Monday, 5 March 2018

le chant du monde

Early-career comparisons to Pablo Picasso are to be forgiven as he and fellow artist Jean Lurçat were virtual Dopplegänger and perhaps the albeit unique and pioneering abstract paintings of the later French artist and near-contemporary were passed over as derivative with Lurçat never achieving the renown of his Spanish counterpart, but the comparison (though importantly a point of access) does detract from the artistic merit of Lurçat’s later works, executed through his rediscovery of the medium of the medieval tapestry (tapisserie), and adhering to the craft’s stylistic horizons as much as possible. Limiting the palette of colours the artist availed himself of made monumental projects possible and after experiencing the Apocalypse Tapestry—for its depiction of the Book of Revelations—that the duke of Anjou had commissioned his residence in Angers, Lurçat realised that the format allowed for the hallucinatory abandon that he expressed in his earlier period when first decommissioned from fighting in the war.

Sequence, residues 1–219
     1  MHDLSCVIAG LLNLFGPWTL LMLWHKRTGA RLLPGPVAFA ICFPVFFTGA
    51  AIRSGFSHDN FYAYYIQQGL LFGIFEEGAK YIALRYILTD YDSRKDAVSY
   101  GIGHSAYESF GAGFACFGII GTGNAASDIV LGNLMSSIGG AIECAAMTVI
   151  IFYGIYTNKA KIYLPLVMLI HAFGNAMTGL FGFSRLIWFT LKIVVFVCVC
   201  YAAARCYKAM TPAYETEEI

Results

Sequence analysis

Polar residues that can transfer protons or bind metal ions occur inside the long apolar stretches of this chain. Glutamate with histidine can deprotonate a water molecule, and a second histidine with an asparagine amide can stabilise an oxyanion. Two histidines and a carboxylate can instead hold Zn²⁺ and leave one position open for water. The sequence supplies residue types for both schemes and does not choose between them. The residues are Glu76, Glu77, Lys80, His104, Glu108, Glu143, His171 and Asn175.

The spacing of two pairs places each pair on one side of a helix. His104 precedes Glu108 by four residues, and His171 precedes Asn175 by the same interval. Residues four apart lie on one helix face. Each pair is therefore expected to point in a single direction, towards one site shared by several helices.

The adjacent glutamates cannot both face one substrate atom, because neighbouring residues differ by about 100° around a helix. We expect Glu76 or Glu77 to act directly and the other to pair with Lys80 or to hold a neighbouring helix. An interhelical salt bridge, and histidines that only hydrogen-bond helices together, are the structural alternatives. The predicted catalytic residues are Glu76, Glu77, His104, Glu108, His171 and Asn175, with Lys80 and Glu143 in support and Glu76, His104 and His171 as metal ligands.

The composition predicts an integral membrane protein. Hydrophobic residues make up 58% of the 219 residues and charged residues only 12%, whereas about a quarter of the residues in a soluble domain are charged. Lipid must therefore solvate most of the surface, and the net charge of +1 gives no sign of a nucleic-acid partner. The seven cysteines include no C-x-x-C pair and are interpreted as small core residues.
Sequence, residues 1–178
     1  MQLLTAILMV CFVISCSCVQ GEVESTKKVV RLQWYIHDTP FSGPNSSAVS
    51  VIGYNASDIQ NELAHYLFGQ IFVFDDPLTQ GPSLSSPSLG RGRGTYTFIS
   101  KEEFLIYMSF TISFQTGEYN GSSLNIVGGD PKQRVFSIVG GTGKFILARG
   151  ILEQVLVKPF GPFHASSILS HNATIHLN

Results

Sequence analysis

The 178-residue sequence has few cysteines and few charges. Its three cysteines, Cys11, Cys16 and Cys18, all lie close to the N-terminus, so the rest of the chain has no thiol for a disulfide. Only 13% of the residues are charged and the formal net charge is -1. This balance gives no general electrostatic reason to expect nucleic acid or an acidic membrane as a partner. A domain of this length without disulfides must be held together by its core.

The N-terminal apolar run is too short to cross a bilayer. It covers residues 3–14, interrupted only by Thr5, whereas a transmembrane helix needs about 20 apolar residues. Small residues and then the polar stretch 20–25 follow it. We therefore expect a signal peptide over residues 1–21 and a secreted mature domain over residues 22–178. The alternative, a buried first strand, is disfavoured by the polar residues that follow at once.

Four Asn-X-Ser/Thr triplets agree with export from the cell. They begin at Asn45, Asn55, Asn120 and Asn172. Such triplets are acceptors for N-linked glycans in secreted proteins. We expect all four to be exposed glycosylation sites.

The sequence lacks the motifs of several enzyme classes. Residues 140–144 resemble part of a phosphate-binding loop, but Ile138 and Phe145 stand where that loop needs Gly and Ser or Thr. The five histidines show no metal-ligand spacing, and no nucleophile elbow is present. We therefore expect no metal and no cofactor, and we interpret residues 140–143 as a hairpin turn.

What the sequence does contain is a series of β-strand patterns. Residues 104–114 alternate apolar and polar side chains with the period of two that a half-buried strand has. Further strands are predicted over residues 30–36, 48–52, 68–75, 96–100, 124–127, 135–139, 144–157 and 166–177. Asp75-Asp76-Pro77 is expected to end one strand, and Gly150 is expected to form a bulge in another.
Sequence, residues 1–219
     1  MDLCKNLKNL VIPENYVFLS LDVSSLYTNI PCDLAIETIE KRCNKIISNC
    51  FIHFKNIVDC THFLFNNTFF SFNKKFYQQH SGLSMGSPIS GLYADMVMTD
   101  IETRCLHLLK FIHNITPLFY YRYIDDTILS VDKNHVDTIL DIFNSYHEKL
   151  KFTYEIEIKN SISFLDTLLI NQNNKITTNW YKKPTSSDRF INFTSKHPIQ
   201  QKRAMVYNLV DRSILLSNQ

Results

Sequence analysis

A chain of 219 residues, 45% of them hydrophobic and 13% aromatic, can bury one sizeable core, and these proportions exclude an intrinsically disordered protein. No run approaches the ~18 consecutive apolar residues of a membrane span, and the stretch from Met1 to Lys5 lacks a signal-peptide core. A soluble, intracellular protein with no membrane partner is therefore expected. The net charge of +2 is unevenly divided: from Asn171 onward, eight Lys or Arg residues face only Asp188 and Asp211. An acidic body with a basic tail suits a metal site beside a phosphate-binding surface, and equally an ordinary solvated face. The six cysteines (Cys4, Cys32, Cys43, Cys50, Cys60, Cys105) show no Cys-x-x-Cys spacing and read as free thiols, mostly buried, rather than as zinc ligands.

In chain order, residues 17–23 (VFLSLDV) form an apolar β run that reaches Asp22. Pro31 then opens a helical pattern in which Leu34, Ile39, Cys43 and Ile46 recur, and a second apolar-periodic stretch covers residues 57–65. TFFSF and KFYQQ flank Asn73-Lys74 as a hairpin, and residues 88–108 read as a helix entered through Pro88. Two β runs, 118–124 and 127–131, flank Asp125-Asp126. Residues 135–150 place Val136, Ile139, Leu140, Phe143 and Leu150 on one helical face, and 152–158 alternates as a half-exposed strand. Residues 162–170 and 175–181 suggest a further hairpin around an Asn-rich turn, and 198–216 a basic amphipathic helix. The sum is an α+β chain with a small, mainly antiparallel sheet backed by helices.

Though off the battlefield, Lurçat and the members of his salon, a workshop of talent to operate the traditional looms and create the panels under Lurçat’s direction, were resisting tyranny in a multiple year, therapeutic catharsis that became The Song of the World, an abstract, contemporary to be inverted version of the Apocalypse, over-turned through a collective effort, hung in another wing of the same palace that displays the original. Learn more about Jean Lurçat and his vision at Messy Nessy Chic at the link up top.